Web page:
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  8. I detassled corn from 1974 through 1977 when I lived in Washington, IL. Several of my friends and I would ride our bicycles up to the town square and wait for the bus. We were working either for Pfister or Monsanto. Monsanto used a “basket” system on a tracker that had 3 baskets on each side that would allow us to ride in the fields but they paid less. Pfister would have us walk the fields and paid about 25 cents per hour more (If memory serves, we made around $2.10 per hour, so 25 cents was a lot! Typically we worked in crews of 6 with a crew boss and two ‘checker’s that would walk behind the group looking for missed tassels. I was 12 when I started and worked until I was 15. The first year was with Pfister (they would accept a 12 year old). I was watched very closely for the first couple of days because of my age to make sure I did things right. My best friend and I did it together and we had never done anything like it. I came from a family where when you made a commitment to something you saw it through. The season was 3 weeks long for me that year. The first day, we had no idea what to expect. We were told to wear jeans and a long sleeve shirt and to bring a short sleeve one if we wanted. We were picked up around 4:30 am and hit the fields by 6:00. We worked until 3:00 pm with 2 15 minute breaks and 30 minutes for lunch and were paid for 9 hours per day. It took about 30 minutes to walk a row. By the end of our first row, both of us were MISERABLE. The morning due had soaked us through, the corn plants are dirty so you have dirty water on everything and the plant leaves will cut you if you’re not careful, and we weren’t, leaving our little cuts full of dirt and water. If it hadn’t been for the commitment I made and my best friend with me, I would have quit on the spot. It was probably one of the biggest and best reality checks of my life ( I would later go through basic training as part of my ROTC training and compared to this, basic was a breeze!). 2 hours later, by 9:00, all the dew was gone and were already mostly try. We had finished the field and were being moved to another. We watched everyone else and learned most of the tricks by the end of the day (including bringing a big trash bag to where over your clothes in early morning. Some would have ponchos but we used garbage bags cause we could throw them away or leave them on the bus and not care. We also created some new tricks that others picked up. One was to freeze a can of coke (or whatever) and then wrap it in aluminum foil and a paper towel and put it in our lunch bag with our other stuff (Usually 2 peanut butter sandwiches, chips and fruit (I liked plums because we usually didn’t get them so it made me feel like a ‘working man’, lol). The coke would be icy cold by lunch and would keep the rest of the stuff cool rather than having an overheated lunch. My first year, in 3 weeks, i made $380 gross my first year and bought my first guitar. Each year we progressed a bit as we got older. Neither of us ever wanted to be a crew boss but we loved the work. By high school, we were go out for football and this work was the best prep for “hell week” we could get. When we were 14 and 15 we stayed longer than three weeks with the normal season covering four weeks and then were selected to be on a “de-rouging” crew (it was called that). For this two week period, we would be in a pickup truck and would go to experimental fields and look for the “Male Rows” to find individual plants that were mutating. You could tell because the tassels were heavily diseased and often had spider webs. Our job was to “run” to that plant, take it out with this sharp implement we carried, i.e. Cut it at the bottom and knock it down, and then “run” back to the truck which as moving slowly on the road. We did this for 6 hours a day for two weeks. I was in the best shape of my life! My last year, I made almost $600 dollars and bought my first electric amplifier for my electric guitar and joined a band and made money that way (I’ve stayed with music all my life, another reason to be thankful for the work). I also remember that when we cut down those plants, we’d often get showered with pollen from the plant so over the course of the day our hair would go slightly yellow-ish and, for me, my eyes would swell. I remember going to the community baseball fields with a “halo” in might sight from all the pollen that hit my eyes and thinking of it as a badge of honor! It was the toughest job I ever did and one of the most rewarding. I got regular jobs when I turned 16 but I will always remember those days fondly. I realize now I was helping the major ag companies to create their hybrid seeds that are now often demonized. I don’t feel bad about that. We were part of a group of people that were helping to create seed that would ultimately be used to grow food in places that previously couldn’t. Yes, I believe the ag companies have “over optimized” their products and it is, today, more detrimental to us all. We need to fix that. Back then, however, I saw a group of companies who were trying to help feed the world and I am priveledged to have been a part of it.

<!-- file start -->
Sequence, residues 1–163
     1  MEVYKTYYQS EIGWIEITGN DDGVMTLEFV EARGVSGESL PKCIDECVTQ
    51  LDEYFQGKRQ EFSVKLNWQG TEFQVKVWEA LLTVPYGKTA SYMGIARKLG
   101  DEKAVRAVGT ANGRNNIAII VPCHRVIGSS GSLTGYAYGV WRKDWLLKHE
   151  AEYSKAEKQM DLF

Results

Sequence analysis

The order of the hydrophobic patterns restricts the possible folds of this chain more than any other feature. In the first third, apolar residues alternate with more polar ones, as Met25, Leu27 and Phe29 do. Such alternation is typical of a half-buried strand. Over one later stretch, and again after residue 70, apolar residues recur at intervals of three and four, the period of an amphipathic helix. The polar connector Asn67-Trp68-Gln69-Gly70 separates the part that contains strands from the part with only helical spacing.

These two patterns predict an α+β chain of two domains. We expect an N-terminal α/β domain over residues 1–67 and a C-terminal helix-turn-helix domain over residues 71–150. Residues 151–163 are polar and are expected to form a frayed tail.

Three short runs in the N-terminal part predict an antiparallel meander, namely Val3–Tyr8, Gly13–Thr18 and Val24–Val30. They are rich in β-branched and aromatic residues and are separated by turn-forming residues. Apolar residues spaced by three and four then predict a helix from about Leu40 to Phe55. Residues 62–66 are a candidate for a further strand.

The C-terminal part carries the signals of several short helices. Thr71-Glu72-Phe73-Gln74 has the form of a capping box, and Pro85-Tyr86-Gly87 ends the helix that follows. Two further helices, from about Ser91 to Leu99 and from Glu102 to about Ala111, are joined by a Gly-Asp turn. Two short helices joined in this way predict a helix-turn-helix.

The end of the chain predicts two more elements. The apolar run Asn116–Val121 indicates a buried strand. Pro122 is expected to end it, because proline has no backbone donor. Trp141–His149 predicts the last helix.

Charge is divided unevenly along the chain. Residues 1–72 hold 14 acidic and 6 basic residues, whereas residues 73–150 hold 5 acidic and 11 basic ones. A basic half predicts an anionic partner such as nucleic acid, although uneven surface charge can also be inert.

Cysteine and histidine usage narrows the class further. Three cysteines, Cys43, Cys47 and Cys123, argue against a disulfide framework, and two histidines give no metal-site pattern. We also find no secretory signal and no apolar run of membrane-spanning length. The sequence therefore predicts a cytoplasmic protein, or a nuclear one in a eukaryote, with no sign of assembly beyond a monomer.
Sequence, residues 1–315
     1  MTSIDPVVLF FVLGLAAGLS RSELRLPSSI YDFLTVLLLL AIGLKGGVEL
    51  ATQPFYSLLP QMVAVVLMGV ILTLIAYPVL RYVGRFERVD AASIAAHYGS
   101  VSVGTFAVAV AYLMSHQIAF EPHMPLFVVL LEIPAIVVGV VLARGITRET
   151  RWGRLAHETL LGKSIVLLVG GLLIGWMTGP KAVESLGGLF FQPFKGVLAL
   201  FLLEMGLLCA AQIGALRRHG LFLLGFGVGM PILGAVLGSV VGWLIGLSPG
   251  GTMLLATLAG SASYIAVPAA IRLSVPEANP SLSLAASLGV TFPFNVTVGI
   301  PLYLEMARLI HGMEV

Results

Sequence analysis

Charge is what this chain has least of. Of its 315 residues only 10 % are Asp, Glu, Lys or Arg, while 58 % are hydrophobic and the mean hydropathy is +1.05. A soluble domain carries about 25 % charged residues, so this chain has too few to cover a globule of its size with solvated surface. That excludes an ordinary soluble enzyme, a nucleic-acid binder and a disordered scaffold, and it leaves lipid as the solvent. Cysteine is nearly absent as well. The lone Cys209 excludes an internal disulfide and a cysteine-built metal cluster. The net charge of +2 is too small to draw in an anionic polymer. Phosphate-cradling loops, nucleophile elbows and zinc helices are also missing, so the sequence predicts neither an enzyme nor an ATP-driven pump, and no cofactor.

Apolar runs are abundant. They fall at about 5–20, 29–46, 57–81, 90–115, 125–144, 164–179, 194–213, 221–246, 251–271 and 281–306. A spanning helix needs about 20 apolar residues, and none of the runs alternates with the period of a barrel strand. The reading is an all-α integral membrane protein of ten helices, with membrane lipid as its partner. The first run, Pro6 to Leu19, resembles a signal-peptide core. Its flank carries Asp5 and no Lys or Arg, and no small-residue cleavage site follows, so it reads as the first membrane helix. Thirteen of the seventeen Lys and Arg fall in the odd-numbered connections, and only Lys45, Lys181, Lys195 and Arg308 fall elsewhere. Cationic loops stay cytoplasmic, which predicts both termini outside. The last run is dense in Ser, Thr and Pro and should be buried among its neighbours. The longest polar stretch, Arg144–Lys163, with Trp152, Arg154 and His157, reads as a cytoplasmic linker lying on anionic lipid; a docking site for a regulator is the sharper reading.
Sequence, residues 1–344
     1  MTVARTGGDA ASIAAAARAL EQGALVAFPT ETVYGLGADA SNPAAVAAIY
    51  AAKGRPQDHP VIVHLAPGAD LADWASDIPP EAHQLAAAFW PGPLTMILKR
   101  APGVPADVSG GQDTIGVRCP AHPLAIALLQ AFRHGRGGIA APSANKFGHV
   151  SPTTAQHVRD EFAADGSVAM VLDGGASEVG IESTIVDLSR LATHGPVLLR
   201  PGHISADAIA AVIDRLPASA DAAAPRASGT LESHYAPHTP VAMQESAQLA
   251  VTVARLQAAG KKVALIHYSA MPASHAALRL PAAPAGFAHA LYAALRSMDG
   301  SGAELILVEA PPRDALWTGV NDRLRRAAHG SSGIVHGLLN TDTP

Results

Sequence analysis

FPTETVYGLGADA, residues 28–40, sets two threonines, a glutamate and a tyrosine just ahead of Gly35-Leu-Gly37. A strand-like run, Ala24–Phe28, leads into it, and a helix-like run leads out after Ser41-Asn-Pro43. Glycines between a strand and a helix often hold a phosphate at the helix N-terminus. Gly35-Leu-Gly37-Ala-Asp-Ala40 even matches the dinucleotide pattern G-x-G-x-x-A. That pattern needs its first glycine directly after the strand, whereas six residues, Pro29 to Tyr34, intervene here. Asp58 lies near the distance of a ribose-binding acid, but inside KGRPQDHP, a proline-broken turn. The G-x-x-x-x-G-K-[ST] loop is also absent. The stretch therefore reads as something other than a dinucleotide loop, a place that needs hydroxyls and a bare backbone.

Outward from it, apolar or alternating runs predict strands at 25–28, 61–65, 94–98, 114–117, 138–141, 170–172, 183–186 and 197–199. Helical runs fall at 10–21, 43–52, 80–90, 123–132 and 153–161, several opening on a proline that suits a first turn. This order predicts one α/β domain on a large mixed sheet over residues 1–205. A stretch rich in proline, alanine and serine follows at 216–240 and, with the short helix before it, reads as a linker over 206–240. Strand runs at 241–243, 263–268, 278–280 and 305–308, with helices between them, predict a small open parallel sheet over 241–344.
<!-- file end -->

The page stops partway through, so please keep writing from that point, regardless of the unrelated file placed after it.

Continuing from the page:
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  9. Three or four of us kids from Baring, MO detassled corn in southern Iowa in the mid-90’s. I went three years straight and helped buy my first vehicle with money earned from detassling corn. Great opportunity to work hard and make new friends! I have fond memories!

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  10. 1955 -1958 Lyon county southwest Minnesota I was a “town kid” hired for detasseling corn the best paying job available to teens. If you made the entire season you received a teen center per hour bonus. Started early in the a.m. when due still on the leaves. After first trip between rows your clothes were drenched. Later the sun was so hot you could get dehydrated and we were given salt tablets and water as well as cut by the corn stock leaves wherever your skin was exposed.. Had to work fast through the rows and if you missed any tassels you got a

    good chewing out. Worked long hours got bussed back to town. Went home and straight to bed so tired.

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    • Hi Wanda! Sounds like we were in the same “era”!! So tired when I got home that my mother had a bath water drawn for me. However, in my waning years, I look upon it as a “right of passage”. Most of my friends never heard of detasseling!

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  11. Basically, there were 2 summer jobs for farm kids when I grew up in the 60’s and 70’s….. walking beans and detassel corn. I did both. I do not remember how much I earned for the 3 years I detasseled but I know I earned every penny! 1972-75. We were a small crew known for excellent work and often would be assigned to go over a field that boy crews as first done. I grew up in O’Brien county and we worked in fields south of us. Sorry do not remember the company… maybe pioneer?? Agree with the wet and hot conditions, garbage bags,lunch times. I am not very tall.. just over 5 feet so every tassel I pulled was at a difficult angle. The corn stalks loomed over me. As they say… you can’t make this stuff up. Would not have missed it for the world.